It's empowering to be able to do my research and make these changes, now that I own her! Just wanted to share, well, some little victories. :)
 

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How fantastic! I hope you keep making progress with her:)

It is great you have been able to change her diet and you see a marked difference. Maybe the barn owner will take note and feed the other horses better:)
 

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Elle, 1997 Oldenburg mare
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Discussion Starter · #3 ·
How fantastic! I hope you keep making progress with her:)

It is great you have been able to change her diet and you see a marked difference. Maybe the barn owner will take note and feed the other horses better:)
Thanks so much! I will say, she actually does feed them well, and they all look pretty fantastic, but none of the other horses are in regular work, there. Most of the horses are either golden oldies (although technically so is mine, just mine isn't retired, haha), or else they get ridden maaaaaybe once a month by their semi-absent owners. They're all in good weight and the BO does genuinely care. However, we're in an area with high iron in the water and soil, so I wanted to give the Amino Trace+ a go as it has low iron and higher levels of zinc, copper, etc., to help balance that out. The BO was asking me about it today, actually, but I think it's a bit pricey for her to feed in bulk to all the pasture puffs. 😁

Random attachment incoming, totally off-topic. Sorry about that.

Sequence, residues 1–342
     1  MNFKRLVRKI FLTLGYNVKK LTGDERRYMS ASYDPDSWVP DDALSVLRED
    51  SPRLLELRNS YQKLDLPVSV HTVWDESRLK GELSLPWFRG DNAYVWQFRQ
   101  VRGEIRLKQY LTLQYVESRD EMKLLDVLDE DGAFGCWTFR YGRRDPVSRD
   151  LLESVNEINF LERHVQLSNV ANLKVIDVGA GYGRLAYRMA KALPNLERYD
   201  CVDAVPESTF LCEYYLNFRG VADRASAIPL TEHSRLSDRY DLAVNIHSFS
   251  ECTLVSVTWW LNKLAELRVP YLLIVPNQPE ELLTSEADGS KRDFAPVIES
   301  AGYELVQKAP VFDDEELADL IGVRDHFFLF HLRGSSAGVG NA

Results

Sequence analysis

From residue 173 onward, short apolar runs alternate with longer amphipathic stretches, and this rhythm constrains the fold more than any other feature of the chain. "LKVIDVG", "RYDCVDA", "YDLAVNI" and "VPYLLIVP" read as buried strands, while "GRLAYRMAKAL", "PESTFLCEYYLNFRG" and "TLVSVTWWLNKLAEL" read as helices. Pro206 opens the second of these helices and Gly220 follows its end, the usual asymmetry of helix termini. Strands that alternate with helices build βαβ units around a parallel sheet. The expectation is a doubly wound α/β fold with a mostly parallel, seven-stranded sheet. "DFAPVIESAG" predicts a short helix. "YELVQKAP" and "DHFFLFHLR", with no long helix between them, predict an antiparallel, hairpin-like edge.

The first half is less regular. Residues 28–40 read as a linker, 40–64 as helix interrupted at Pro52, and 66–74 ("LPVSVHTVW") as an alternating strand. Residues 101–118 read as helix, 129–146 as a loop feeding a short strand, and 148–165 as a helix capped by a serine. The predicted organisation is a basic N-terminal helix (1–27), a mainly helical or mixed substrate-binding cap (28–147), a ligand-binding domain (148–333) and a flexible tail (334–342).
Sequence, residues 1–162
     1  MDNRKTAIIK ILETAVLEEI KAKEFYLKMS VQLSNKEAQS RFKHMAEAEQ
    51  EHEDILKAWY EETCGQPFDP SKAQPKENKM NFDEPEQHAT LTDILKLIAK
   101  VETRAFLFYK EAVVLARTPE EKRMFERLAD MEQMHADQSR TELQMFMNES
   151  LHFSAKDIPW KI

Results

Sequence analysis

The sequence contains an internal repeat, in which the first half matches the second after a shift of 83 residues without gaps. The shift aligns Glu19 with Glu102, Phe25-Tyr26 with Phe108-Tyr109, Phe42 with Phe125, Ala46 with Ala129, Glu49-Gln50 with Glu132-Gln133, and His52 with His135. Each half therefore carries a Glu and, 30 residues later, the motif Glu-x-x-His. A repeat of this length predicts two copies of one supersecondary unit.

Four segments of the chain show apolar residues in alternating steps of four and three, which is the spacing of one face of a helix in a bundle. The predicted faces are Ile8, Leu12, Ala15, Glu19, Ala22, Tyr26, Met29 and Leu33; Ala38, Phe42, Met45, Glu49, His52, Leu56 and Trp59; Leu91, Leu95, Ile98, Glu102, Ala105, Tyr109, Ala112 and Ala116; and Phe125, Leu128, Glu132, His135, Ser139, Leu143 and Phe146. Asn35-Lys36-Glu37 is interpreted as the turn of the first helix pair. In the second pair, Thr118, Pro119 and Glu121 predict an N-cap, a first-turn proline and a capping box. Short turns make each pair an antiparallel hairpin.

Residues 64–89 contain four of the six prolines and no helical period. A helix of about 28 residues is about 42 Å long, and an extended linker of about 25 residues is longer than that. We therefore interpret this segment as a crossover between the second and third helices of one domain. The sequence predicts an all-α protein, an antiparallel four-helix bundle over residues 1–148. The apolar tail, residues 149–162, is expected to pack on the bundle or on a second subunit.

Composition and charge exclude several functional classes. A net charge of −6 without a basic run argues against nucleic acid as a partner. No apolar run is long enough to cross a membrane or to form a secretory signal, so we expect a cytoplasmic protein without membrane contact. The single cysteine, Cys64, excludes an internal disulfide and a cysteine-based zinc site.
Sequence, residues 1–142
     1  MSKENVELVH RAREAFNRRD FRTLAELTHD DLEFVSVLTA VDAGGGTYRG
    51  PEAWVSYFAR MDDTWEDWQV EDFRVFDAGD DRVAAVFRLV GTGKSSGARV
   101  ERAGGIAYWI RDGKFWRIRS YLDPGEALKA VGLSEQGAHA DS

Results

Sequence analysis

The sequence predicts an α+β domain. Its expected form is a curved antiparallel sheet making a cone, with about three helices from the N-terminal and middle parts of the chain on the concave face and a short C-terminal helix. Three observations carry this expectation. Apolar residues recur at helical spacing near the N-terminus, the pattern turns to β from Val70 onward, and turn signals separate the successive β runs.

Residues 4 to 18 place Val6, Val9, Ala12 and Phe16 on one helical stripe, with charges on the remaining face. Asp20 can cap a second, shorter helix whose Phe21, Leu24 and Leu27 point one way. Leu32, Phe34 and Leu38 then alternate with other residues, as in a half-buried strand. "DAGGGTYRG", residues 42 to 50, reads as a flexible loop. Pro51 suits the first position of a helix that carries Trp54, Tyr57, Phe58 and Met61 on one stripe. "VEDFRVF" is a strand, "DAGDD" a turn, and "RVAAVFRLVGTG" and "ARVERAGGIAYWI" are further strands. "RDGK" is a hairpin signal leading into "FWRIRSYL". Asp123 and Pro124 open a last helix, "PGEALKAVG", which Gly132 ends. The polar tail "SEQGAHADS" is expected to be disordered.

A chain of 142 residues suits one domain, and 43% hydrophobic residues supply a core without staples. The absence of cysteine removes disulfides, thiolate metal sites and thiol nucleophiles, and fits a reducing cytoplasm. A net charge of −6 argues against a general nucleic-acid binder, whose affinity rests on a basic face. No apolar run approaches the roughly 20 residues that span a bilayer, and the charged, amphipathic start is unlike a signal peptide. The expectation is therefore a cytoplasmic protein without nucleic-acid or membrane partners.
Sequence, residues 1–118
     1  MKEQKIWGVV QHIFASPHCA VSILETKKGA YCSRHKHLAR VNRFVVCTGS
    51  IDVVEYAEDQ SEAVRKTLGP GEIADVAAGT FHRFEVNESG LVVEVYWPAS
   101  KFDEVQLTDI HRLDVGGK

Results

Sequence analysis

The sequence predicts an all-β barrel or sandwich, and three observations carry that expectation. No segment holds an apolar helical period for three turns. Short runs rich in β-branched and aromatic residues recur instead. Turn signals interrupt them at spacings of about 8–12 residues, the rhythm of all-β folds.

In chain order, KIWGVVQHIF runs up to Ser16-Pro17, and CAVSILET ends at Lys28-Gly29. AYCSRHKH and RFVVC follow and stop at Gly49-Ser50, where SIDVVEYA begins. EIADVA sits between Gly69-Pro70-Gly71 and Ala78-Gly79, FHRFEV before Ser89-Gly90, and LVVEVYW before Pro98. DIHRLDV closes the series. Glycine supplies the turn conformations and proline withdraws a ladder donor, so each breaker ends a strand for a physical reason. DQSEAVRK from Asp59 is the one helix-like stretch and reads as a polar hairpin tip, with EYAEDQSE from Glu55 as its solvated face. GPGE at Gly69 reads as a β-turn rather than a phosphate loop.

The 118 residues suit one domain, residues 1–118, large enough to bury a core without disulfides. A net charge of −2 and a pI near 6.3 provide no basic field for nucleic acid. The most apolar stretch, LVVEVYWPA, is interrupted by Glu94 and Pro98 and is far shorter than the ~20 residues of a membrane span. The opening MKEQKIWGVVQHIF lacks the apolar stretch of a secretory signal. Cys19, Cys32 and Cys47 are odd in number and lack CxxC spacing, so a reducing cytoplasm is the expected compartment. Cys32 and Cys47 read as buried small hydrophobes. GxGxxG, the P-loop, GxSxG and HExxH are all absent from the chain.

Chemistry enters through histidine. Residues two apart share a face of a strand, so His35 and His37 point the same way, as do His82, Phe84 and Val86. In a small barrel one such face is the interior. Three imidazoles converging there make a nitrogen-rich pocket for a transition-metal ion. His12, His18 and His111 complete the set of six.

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Nothing that truly helps is cheap, lollol

She May want to give strong consideration to the a Amino Trace, even if it means raising board a few pennies.

High iron equals low copper and zinc.

Low copper and zinc not only translates to lower hoof and coat health, it can also increase the chances of a horse developing metabolic issues- especially if the horse happens to be genetically predispositioned to metabolic issues.
 

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Elle, 1997 Oldenburg mare
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Discussion Starter · #5 ·
For sure. We'll see! I'm paying out of pocket for the Amino Trace+, in addition to her included feeding program, as I want to ensure Elle is getting the best! I priced out the Omneity from the same company -- which is still a really good vitamin/mineral product, and their most popular -- so maybe she'll consider switching them over to that. Would still be better than the current stuff, I think, without costing quite as much as the Amino Trace+.
 

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Elle, 1997 Oldenburg mare
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Discussion Starter · #7 ·
Good for you! I bet the central sulcus groove will open up more without shoes.
Yeah, we had the shoes on because of excessive wear from the gravelly outdoor footing -- but while it's been good to give her a chance to regrow more hoof, I haven't liked how pinched her frogs have started to look. Hopefully there's a balance to be found!!